This blogpost and my attendance at the 17thAssembly of States Parties are supported by the Canadian Partnership for International Justice and the Social Sciences and Humanities Research Council of Canada.


[1]The Rome Statute of the International Criminal Court, A/CONF.183/9 (17 July 1998): Preamble, Article 17, “The case is being investigated or prosecuted by a State which has jurisdiction over it, unless the State is unwilling or unable genuinely to carry out the investigation or prosecution.”  

[2]This was a strong focus at the December 5 side-event, “Commemorating the 20thanniversary of the Rome Statute,” co-hosted by the Netherlands, Uganda, and Africa Legal Aid. This was a focus of H.E Kimberly Prost.

[3]There are limitations to this, for example the ICC will not share information if the alleged suspect could receive the death penalty, or if basic rule-of-law principles such as a right to a fair trial are not firmly established in the domestic context.

The Gender Justice Shadow of Complementarity: Lessons from the International Criminal Court’s preliminary examinations in Guinea and Colombia

In early July 2013, Human Rights Watch reported that one of the alleged perpetrators of the 2009 Guinea stadium massacre, Lieutenant-Colonel Claude Pivi, has been charged with murder, rape and destruction of property. This was an important first step towards holding one of primary suspects of this atrocity to account. It was also a significant moment for the International Criminal Court (ICC), which in 2009 had commenced a preliminary examination –under the Rome Statute’s complementarity provisions – into this massacre, and the Guinean authorities efforts to bring to justice the perpetrators. However, as we point out in a forthcoming article in the International Journal of Transitional Justice [forthcoming: Volume 7 (3)] the Guinean case also highlights the existence of a ‘gender justice shadow’ in relation to the ICC’s complementarity processes, especially in relation to the investigation and prosecution of crimes of sexual violence against women.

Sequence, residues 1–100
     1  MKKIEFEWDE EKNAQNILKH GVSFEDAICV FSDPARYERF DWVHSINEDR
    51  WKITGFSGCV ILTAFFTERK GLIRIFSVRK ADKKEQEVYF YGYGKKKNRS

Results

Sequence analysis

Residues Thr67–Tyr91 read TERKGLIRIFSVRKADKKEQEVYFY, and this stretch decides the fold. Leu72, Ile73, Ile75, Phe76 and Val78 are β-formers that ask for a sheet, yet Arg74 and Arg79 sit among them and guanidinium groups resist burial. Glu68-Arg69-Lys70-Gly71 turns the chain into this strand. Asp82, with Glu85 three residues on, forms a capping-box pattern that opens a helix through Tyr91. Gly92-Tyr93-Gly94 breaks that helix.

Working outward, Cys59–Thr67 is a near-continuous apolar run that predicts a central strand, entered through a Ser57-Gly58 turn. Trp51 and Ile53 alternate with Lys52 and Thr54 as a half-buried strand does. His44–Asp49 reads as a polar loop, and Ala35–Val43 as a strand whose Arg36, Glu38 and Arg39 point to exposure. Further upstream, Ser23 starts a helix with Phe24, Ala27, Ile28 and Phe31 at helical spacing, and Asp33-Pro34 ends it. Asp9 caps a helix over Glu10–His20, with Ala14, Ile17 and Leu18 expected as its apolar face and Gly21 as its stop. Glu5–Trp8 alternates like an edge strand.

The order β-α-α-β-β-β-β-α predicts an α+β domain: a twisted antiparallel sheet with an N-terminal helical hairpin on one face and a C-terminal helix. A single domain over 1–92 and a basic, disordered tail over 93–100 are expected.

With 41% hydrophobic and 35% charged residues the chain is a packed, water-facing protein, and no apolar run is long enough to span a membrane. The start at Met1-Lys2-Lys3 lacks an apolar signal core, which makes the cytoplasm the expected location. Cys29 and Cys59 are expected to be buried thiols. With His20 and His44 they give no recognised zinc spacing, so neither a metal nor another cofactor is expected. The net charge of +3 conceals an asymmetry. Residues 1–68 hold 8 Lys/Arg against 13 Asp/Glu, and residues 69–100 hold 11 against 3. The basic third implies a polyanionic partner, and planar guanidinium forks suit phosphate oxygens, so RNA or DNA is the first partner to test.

Our article considers the ICC’s Office of the Prosecutor (OTP) preliminary examinations of both the Guinean massacre and the Colombian conflict and argues that, on an analysis of  publically available information, the OTP has applied a low threshold when assessing crimes of sexual violence against women against the three core criteria – state action, willingness and ability – of the Rome Statute’s complementarity test, effectively leaving intact impunity for these crimes.

Our argument here mirrors the work of Kevin Heller, who has shown that while the Rome Statute establishes the highest standards of due process for cases before the ICC, its complementarity provisions do not extend due process rights in national jurisdictions. Similarly, we suggest that there is a ‘gender justice shadow’ side to complementarity: the Rome Statute provides the most developed articulation of gender justice of any instrument of international criminal law, yet complementarity does little to extend these measures to the domestic level.

Members of the Women’s Caucus for Gender Justice, who were so influential in shaping the ground-breaking gender justice aspects of the Rome Statue, were the first to highlight this gender justice shadow. During the negotiations process in the late 1990s, the Caucus cautioned that unless the Rome Statute recognised in its complementarity tests of action, willingness and inability the gender biased features of national penal codes, especially weak substantive and procedural laws to address sexual violence against women, it ‘could result in impunity for crimes of sexual and gender violence’ (Women’s Caucus for Gender Justice, ‘Gender Justice and the ICC’, paper presented at the Rome Conference, Italy, 15 June – 17 July 1998, 24; document with the authors). This argument has since reiterated by other commentators and academics (see Women’s Initiative for Gender Justice, Susana SáCouto and Katherine Clearly, and Amrita Kapur).

Our analysis shows that the OTP’s preliminary conclusions about complementarity in Guinea and Colombia have failed to take adequate account of crimes of sexual violence against women. There are questions as to whether the domestic proceedings have addressed either the same persons or the same crimes, particularly where sexual violence is involved. In both Guinea and Colombia, some of the sexual violence crimes documented by the OTP are not included in the domestic penal codes, and a lack of transparency makes it difficult to assess which individuals the OTP is investigating, and whether they have been charged for sexual violence at the national level.